Preparing for a rapidly changing economy through student-community partnerships

Home News Preparing for a rapidly changing economy through student-community partnerships

Communities & RegionsPartnershipStudent Success

Preparing for a rapidly changing economy through student-community partnerships

Across the province, Ontario university students are engaging with their communities, getting involved and driving social and economic development in order to create a better future for Ontario and all who live here.

Partnerships between universities and communities are vital in ensuring both students and the province are better prepared for a rapidly changing future and in ultimately helping build strong communities throughout Ontario.

Many students who arrive at the doorstep of an Ontario university become integrated into the social and economic fabric of their surrounding communities. Through volunteering and work-integrated learning opportunities, they develop the skills and knowledge needed for the jobs of the future, while they help drive local economies through entrepreneurship and innovation.

In fact, students are also boosting regional economies by supporting local businesses, buying Ontario goods and generating tourism by inviting friends and relatives to visit throughout the school year – having an economic impact of $3.4 billion, or the equivalent of 26,000 jobs.

But the threads of student community impact and collaboration run deeper. Whether it’s helping to increase access to fresh produce in northern communities, raising awareness around invasive species in Ontario or teaching kids about urban farming, university students are inextricably linked to the communities they serve. Their reach extends beyond the postsecondary sector, into health care, K-12 education, business development and municipalities, to name a few.

Today, for example, students have been using their summer breaks and reading weeks to give back to the community. At Brock University, students and staff volunteer through a partnership with the Learning Disabilities Association of Niagara Region (LDANR) to help Niagara youth improve their literacy skills.

While at the University of Toronto, students participate in Alternative Reading Week every year – a tri-campus initiative that matches undergraduate and graduate students with local community organizations to provide much-needed short-term support and problem-solving. Many of these collaborations give students the opportunity to take part in market research and planning, event organization, delivering products to clients, fundraising initiatives and creating public awareness campaigns.

In some cases, student-community partnerships are embedded into the course curriculum or are launched through student-led initiatives, providing work-integrated learning opportunities for students and access to talent for municipalities and businesses.

Take the University of Guelph, for example. Every year, more than 70 fourth-year students partner with the university’s surrounding communities to help them achieve specific goals. The environmental sciences class provides students with opportunities to apply their knowledge, while offering an entry point for clients such as the City of Guelph or Eden Mills to approach the university, drawing from its talent in order to find solutions to issues they are facing.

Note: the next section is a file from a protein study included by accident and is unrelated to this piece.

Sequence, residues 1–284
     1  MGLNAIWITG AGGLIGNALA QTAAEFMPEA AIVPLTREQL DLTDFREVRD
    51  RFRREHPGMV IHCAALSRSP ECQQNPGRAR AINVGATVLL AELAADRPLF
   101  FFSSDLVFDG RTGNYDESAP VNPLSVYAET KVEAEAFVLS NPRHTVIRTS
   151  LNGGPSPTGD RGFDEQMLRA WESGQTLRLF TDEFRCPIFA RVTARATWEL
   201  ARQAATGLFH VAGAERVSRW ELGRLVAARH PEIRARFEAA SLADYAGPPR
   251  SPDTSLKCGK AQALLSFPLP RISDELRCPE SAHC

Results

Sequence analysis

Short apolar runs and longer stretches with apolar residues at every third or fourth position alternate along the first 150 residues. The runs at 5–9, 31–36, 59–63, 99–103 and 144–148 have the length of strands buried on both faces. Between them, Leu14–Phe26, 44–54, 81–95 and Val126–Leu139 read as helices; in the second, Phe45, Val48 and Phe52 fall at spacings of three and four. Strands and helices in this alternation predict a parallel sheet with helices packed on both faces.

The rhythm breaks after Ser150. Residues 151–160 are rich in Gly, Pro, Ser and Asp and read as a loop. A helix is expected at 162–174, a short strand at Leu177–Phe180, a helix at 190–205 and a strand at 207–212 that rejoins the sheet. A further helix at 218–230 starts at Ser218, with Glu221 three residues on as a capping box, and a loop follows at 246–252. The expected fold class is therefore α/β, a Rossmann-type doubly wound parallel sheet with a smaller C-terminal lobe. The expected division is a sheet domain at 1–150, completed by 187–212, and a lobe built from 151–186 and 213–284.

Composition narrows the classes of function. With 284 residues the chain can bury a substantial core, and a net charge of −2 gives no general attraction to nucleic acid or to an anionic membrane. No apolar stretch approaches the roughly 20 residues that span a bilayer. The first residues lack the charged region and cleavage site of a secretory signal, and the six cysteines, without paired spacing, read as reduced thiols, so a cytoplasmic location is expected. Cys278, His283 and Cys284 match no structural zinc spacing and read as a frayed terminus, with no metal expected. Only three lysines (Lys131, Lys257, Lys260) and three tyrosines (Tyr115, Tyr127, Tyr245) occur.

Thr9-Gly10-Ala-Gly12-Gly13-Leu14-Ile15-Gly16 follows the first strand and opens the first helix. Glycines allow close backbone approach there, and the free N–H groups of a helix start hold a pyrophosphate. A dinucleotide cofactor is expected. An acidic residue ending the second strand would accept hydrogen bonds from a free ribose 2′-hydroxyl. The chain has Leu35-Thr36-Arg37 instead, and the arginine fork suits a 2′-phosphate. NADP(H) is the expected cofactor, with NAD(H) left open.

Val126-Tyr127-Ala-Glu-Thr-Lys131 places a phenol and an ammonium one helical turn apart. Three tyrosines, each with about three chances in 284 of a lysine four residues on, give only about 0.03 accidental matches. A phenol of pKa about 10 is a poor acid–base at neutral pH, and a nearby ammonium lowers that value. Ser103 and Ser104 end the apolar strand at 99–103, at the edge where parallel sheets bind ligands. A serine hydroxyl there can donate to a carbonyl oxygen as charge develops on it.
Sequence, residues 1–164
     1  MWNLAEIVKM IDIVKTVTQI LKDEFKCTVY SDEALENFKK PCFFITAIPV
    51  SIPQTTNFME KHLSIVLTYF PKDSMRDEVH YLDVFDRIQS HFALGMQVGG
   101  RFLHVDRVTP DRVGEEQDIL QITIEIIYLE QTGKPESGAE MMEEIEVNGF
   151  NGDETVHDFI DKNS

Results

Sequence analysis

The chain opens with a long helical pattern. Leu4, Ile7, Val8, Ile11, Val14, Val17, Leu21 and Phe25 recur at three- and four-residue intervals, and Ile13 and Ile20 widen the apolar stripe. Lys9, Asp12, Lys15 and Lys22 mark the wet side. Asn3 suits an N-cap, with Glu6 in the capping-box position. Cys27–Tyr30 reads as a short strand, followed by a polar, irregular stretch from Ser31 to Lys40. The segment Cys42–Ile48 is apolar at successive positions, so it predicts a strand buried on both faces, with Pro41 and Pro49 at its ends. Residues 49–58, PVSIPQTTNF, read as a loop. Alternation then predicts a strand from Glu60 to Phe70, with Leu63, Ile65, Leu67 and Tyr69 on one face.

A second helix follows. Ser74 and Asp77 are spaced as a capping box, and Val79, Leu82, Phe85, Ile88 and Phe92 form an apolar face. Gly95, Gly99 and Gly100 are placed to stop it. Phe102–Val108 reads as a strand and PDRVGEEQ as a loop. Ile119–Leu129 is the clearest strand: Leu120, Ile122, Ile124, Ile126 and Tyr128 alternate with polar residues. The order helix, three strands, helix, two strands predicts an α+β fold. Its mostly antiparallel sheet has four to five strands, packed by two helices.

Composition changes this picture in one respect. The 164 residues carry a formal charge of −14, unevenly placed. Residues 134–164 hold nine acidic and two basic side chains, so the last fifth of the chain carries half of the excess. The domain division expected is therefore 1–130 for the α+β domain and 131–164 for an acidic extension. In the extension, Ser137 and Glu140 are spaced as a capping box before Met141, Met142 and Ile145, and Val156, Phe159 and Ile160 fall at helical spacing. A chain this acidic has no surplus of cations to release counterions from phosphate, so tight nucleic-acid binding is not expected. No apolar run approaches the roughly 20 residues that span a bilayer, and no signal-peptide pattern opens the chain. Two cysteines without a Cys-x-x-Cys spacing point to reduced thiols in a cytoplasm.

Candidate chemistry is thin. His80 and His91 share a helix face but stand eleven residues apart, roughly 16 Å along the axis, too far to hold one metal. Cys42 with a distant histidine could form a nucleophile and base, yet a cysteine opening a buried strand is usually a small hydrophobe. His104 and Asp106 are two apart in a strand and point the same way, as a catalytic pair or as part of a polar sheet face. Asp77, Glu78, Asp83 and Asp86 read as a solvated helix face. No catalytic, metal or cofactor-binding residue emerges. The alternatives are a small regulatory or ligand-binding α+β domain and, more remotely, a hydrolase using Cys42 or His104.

But these opportunities extend beyond the university curriculum. Hack the City at McMaster University is a student-led extracurricular initiative, providing McMaster undergraduates with the opportunity to creatively problem-solve challenges brought to them by community and industry partners.

Stories such as these illustrate how students are moving into the community space to collaborate with partners on short-term or project-specific initiatives. These opportunities act as springboards to develop their skillset as future employees – often in their surrounding regions, as has been the case through partnerships between Ford Canada and the University of Windsor, as well as Carleton University and Shopify.

However, while we often focus on students as job seekers, they play a role as job creators in their communities, as well. Through the earlier example of McMaster’s Hack the City, an undergraduate student was able to develop Catalytics Inc., a start-up that works with hospitals to capture patient information and reduce delays in providing personalized care through predictive analytics. Partnering with IBM and Hamilton Health Sciences, Catalytics Inc. now operates out of the IBM Innovation Space and has grown into a team of four.

Likewise, at Trent University, using the entrepreneurship opportunities available to them, two students created Noblegen Inc. The biotechnology company is now fast-expanding, exceeding growth expectations with 60 employees, 21 of them are Trent graduates.

This is just a small collection of student community-building stories that demonstrate how our students, through their creativity, leadership and motivation, are working with their communities to discover the kinds of solutions that will build a brighter future for themselves, and the province.

For more examples of the many ways Ontario university students and communities are working to build a stronger province, visit our Partnering for Ontario page at, or read more about the 50 ways Ontario Universities are Partnering for Stronger Communities.

David Lindsay
President and CEO
Council of Ontario Universities

Tags: communitieshands-on learningPartnershipsregional economic developmentWIL